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Coffee & Health
Cardiovascular health

A G Hoek et al, 2022. Causal Association of Cardiovascular Risk Factors and Lifestyle Behaviors With Peripheral Artery Disease: A Mendelian Randomization Approach, Journal of the American Heart Association.

Causal Association of Cardiovascular Risk Factors and Lifestyle Behaviors With Peripheral Artery Disease: A Mendelian Randomization Approach

A G Hoek et al
Journal of the American Heart Association
August 9, 2022

ABSTRACT

Background:
We investigated the causal associations between the genetic liability to cardiovascular and lifestyle risk factors and peripheral artery disease (PAD), using a Mendelian randomization approach.

Methods and Results:
We performed a 2-sample inverse-variance weighted Mendelian randomization analysis, multiple sensitivity analyses to assess pleiotropy and multivariate Mendelian randomization analyses to assess mediating/confounding factors. European-ancestry genomic summary data (P<5×10-8) for type 2 diabetes, lipid-fractions, smoking, alcohol and coffee consumption, physical activity, sleep, and education level were selected. Genetic associations with PAD were extracted from the Million-Veteran-Program genome-wide association studies (cases=31 307, controls=211 753, 72% European-ancestry) and the GoLEAD-SUMMIT genome-wide association studies (11 independent genome-wide association studies, European-ancestry, cases=12 086, controls=449 548). Associations were categorized as robust (Bonferroni-significant (P<0.00294), consistent over PAD-cohorts/sensitivity analyses), suggestive (P value: 0.00294-0.05, associations in 1 PAD-cohort/inconsistent sensitivity analyses) or not present. Robust evidence for genetic liability to type 2 diabetes, smoking, insomnia, and inverse associations for higher education level with PAD were found. Suggestive evidence for the genetic liability to higher low-density lipoprotein cholesterol, triglyceride-levels, alcohol consumption, and inverse associations for high-density lipoprotein cholesterol, and increased sleep duration were found. No associations were found for physical activity and coffee consumption. However, effects fully attenuated for low-density lipoprotein cholesterol and triglycerides after correcting for apoB, and for insomnia after correcting for body mass index and lipid-fractions. Nonsignificant attenuation by potential mediators was observed for education level and type 2 diabetes.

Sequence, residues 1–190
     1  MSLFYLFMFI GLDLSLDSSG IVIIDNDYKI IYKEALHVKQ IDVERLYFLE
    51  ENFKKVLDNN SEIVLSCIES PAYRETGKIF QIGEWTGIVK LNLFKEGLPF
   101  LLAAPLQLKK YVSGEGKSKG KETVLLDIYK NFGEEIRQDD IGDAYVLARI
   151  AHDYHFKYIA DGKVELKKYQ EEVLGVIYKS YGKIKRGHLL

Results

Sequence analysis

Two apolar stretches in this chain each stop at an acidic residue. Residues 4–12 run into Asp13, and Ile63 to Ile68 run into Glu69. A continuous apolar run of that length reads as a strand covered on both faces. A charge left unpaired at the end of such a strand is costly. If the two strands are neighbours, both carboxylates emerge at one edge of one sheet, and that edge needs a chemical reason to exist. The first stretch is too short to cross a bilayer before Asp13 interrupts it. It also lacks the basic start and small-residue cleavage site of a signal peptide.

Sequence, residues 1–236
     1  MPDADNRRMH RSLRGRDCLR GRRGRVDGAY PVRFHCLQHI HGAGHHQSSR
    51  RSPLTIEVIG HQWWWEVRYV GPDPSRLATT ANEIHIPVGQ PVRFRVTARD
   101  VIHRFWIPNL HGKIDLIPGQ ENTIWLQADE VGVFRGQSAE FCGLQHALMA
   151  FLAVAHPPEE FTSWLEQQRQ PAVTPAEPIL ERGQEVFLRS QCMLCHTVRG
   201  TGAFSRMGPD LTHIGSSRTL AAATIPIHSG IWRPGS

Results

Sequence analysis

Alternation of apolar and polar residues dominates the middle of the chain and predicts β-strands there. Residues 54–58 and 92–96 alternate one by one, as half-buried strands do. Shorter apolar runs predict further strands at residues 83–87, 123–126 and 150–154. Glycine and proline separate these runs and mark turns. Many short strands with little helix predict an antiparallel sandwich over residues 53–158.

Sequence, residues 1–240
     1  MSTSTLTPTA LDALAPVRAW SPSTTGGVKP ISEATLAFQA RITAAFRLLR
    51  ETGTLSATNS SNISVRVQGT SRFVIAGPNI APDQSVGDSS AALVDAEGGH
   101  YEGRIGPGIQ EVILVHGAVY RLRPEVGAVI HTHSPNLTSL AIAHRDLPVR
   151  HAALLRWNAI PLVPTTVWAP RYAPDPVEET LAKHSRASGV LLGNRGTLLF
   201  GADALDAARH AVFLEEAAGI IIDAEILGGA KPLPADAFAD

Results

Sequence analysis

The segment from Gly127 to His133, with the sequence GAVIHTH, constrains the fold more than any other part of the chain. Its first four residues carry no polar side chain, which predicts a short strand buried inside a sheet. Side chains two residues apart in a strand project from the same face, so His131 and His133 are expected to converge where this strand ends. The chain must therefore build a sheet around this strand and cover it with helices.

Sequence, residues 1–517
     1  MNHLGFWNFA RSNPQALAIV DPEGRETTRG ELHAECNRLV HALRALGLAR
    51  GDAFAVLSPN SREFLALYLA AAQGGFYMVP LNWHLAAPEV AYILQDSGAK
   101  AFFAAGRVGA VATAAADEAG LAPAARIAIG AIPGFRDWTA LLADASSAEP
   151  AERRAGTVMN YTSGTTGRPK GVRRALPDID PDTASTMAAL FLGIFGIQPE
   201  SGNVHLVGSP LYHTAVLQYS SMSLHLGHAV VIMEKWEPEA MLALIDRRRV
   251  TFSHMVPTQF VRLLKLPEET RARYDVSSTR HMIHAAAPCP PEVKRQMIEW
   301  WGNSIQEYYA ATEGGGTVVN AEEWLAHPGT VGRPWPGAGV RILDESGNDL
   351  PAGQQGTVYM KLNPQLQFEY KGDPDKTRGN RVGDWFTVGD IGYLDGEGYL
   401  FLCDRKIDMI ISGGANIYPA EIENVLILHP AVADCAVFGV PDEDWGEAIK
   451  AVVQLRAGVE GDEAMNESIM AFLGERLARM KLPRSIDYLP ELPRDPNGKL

Conclusions:
Detrimental effects of smoking and type 2 diabetes, but not of low-density lipoprotein cholesterol and triglycerides, on PAD were confirmed. Lower education level and insomnia were identified as novel risk factors for PAD; however, complete mediation for insomnia and incomplete mediation for education level by downstream risk factors was observed.

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